Hi Stephanie and Savannah! We love BOAT, as you know. We’re curious when the both of you started dancing together.


Stephanie: Savannah, you want to start?


Savannah: I was already dancing when I was in my mom’s belly. She was dancing while pregnant with me and that’s when we first started dancing together.


Stephanie: Yes, and when she was a little older, I would have friends come over to our house for dance sessions. Savannah was interested and would join us from time to time. We built a dance studio in our garage, so it ended up being easy for Savannah to join in.


Would you tell us something about Boat?


Savannah: I thought the name should be bridge,” but my mom came in one day with the word “boat” and she thought it would be a better name.


Stephanie: It was after we had finished the dance that I was looking back at a video and BOAT came to mind. For the majority of the dance, Savannah is on top of me and we improvised with the rule that she couldn’t touch the ground, kind of like the game “the floor is lava.” This made me think of myself as a kind literal and metaphoric boat for her. It seems to me that BOAT is more suggestive of me being “under” Savannah, supporting her body weight, than the word bridge.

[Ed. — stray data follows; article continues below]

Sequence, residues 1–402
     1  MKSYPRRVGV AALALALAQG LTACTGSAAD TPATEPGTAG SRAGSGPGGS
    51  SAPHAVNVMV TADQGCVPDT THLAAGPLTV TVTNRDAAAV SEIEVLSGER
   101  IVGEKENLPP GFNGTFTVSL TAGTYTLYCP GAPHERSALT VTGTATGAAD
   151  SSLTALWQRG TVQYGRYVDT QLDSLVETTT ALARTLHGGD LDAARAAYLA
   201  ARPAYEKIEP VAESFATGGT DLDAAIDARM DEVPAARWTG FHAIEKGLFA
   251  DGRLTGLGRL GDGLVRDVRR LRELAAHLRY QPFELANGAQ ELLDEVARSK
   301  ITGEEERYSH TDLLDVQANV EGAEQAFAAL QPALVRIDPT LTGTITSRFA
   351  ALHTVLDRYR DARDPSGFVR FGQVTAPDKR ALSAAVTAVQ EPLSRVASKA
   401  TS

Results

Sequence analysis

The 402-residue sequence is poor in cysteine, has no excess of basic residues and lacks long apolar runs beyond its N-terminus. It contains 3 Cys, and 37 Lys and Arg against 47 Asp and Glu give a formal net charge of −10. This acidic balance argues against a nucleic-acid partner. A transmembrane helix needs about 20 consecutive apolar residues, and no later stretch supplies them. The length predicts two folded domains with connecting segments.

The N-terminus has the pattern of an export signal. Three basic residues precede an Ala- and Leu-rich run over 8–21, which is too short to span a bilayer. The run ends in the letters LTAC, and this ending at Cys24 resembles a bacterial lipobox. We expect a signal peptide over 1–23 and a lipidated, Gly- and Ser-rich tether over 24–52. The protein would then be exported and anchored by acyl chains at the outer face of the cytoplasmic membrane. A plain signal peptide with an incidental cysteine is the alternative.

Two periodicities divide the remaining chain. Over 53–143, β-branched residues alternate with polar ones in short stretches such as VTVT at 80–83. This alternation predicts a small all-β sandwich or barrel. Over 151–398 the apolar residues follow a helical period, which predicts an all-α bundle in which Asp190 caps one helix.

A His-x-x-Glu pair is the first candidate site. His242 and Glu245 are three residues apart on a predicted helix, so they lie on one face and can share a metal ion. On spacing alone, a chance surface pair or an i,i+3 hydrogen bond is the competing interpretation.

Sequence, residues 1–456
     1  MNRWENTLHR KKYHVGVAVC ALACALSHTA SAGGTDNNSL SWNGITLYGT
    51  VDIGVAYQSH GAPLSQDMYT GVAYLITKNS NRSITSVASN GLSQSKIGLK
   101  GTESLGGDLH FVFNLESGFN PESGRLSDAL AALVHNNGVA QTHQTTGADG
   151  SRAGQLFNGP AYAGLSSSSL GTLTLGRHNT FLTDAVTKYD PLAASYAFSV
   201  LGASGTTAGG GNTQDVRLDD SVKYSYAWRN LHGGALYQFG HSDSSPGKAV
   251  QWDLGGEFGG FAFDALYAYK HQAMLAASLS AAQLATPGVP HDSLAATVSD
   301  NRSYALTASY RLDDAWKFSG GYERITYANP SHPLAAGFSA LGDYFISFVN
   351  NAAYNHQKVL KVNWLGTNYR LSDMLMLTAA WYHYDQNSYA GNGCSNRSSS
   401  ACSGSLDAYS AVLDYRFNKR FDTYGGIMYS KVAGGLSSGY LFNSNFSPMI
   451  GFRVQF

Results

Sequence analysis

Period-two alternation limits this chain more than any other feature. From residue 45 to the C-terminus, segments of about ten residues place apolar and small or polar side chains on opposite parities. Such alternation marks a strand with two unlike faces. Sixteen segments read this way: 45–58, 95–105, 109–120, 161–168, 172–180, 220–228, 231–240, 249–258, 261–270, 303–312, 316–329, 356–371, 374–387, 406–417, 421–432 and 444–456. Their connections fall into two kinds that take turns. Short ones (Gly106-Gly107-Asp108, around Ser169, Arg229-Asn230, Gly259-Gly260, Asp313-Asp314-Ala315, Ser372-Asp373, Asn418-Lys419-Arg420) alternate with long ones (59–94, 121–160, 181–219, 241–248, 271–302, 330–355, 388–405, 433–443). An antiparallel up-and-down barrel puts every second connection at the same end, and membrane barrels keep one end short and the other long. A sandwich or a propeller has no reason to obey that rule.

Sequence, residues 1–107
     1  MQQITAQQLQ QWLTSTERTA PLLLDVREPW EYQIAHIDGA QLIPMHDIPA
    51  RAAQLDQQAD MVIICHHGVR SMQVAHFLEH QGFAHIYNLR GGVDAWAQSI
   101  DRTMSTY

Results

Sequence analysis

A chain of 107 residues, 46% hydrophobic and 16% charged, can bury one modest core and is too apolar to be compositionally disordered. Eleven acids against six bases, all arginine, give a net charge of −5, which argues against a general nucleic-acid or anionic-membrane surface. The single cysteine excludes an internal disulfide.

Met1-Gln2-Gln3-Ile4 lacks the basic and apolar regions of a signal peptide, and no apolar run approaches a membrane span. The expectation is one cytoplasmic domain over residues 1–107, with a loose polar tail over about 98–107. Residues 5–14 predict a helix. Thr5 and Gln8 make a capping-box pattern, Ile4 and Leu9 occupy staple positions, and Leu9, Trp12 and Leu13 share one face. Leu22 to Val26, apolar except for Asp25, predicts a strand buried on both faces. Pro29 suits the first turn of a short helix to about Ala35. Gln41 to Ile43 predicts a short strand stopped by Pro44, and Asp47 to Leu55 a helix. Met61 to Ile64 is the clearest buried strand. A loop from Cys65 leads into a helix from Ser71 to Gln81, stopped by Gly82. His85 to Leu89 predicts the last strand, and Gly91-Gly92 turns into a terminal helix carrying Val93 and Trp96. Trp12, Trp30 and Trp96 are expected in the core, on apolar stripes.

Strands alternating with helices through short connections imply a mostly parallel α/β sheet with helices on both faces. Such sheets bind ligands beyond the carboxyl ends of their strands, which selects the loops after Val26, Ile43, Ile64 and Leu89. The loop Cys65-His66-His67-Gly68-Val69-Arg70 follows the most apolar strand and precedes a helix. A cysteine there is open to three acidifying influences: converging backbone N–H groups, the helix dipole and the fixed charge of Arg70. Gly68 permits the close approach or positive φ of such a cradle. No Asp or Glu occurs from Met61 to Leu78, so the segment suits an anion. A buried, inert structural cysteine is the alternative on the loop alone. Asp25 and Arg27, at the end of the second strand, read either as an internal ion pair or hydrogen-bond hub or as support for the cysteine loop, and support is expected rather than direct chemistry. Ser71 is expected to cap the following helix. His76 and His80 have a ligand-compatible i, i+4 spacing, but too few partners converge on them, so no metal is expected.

Whose idea was it to make it and perform it? Why?


Savannah: It was my mom’s idea to make the dance, but once she brought up the idea, it was a team effort to create it. We wanted to do this, because it was special. I don’t think there has ever been another mother-daughter dance like this before and I wanted to show the world that there is a different kind of connection when you are dancing with family. So that is what we did.